Small businesses are by far most at risk in the current economic climate onset by COVID-19, and many of the already shuttered businesses do not believe they will be able to reemerge after the pandemic has ended.
A new survey by the Canadian Federation of Independent Business (CFIB) found that 32% of respondents are unsure if they will be able to reopen, even with the federal government’s 75% wage subsidy for small- and medium-sized businesses that have seen their revenues drop by 30%.
The subsidy, retroactive to March 15 when severe business impacts began, covers an employee’s salary on the first $58,700 earned, up to $874 per week.
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Since the start of the COVID-19 outbreak in early-January 2020, 22% of these businesses reported a gross sales revenue decline of 26% to 50%, 23% indicate a decline of 51% to 75%, 22% indicate a decline of 76% to 99%, and 4% are no longer making any money.
On average to date, the coronavirus has cost each small business across the country $160,314, when factors such as lost sales, slowed or halted production, and cancelled plans are accounted for. Provinces such as Alberta have seen their small businesses lose an average of $214,367 so far, while BC is at $176,767, Ontario is at $162,788, and Quebec is at $154,553.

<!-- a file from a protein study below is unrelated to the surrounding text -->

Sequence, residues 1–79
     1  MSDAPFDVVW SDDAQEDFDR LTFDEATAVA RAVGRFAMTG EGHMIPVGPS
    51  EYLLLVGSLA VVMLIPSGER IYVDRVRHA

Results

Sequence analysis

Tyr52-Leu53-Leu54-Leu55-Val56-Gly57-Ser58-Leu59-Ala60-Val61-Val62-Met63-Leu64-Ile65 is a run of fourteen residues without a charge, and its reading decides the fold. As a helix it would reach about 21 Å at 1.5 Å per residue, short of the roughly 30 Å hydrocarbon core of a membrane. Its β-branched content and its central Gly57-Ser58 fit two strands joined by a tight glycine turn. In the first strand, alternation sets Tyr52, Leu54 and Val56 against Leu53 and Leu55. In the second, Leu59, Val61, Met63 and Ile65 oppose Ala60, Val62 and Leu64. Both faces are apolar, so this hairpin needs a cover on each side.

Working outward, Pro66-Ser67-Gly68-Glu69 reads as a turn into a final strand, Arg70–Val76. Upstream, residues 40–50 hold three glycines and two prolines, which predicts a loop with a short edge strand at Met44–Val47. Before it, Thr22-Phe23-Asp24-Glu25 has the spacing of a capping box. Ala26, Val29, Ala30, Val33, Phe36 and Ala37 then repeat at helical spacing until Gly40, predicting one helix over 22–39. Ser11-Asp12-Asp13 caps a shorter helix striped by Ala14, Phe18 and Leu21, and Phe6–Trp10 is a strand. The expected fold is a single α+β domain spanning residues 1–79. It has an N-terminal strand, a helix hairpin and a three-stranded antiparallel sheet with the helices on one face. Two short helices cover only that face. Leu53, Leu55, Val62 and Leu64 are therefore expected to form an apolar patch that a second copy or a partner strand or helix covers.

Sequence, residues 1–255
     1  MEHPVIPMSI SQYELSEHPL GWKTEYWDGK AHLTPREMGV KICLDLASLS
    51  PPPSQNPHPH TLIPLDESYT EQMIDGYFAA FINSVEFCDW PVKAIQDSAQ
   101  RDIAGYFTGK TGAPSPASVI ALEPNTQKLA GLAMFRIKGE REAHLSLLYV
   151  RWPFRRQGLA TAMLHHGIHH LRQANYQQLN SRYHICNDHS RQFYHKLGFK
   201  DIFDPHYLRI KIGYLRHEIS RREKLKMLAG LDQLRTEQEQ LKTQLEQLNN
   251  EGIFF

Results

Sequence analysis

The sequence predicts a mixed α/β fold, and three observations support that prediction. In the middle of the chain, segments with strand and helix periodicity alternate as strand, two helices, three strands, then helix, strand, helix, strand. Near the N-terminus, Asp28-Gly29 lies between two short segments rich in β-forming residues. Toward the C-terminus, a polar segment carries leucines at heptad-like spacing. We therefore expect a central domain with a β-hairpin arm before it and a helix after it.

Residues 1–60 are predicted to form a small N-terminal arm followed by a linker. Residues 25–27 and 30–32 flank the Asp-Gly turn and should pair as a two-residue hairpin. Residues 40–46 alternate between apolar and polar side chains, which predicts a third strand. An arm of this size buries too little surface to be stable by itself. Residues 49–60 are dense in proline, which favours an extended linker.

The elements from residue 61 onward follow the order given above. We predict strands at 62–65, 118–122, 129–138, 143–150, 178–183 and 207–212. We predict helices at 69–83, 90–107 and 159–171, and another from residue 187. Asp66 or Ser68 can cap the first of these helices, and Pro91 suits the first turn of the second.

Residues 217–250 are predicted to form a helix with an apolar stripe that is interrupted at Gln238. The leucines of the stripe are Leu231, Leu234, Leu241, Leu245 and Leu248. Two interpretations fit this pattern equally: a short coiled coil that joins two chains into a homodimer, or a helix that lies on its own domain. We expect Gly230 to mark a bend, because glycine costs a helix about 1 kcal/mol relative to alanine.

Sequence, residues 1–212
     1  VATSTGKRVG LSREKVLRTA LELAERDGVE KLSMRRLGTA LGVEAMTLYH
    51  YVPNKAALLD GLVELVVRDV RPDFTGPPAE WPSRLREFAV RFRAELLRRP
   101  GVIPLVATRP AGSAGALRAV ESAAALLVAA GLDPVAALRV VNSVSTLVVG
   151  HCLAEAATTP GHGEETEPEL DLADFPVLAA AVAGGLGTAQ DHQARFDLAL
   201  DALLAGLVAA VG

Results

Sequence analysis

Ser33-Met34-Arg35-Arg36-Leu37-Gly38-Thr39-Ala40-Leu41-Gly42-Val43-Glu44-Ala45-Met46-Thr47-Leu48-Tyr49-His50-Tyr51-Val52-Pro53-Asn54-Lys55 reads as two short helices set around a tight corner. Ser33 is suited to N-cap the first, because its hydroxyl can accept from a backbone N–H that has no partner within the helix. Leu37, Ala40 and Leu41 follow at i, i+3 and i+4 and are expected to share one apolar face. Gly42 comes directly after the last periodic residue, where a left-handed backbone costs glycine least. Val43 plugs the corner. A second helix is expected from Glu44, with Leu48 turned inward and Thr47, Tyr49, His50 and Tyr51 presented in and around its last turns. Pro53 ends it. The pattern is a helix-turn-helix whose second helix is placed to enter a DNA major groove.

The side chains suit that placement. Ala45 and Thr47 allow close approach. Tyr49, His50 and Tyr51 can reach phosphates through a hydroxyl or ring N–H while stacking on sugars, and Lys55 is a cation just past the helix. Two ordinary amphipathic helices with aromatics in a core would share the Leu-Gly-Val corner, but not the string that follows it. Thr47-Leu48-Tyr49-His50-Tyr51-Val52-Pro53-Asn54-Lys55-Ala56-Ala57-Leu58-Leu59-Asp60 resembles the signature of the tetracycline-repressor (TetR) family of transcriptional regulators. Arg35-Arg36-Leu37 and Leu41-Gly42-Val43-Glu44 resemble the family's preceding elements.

When it comes to their employment, COVID-19 has led to 38% of the businesses laying off some staff, 12% laying off all staff, and 28% reducing hours. Another 14% believe they will need to lay off some or all staff soon.
While 68% of respondents believe the federal wage subsidy program is helpful and 53% see the new Canada Emergency Business Account interest-free loans positively, there continues to be uncertainty, with the possibility that more closures will happen with a worsening and prolonged pandemic. They believe more needs to be done to provide these businesses with further emergency relief, now and after the post-pandemic recovery period.
At the moment, 60% of closed businesses believe their current closure is merely temporary and they will be able to reopen.
At the same time, without additional support from the government, 25% of businesses say they can survive less than a month under the current conditions, while 42% can last between one and three months, 5% between one and 12 months, and 5% more than a year.
For the small businesses paying rent or mortgage on their property, 61% say they are in a position to pay their April bill, but 23% cannot.
For additional measures, 71% of the businesses would like to see a deferral of GST and HST payments, and 66% believe the provincial government should take more action to protect commercial renters from being evicted. Nearly a third, 31%, of respondents who pay rent think their landlords are being reasonable during this challenging period, while 13% disagree.
The survey was conducted online starting on March 27, and so far it has received about 9,700 responses from small businesses across Canada.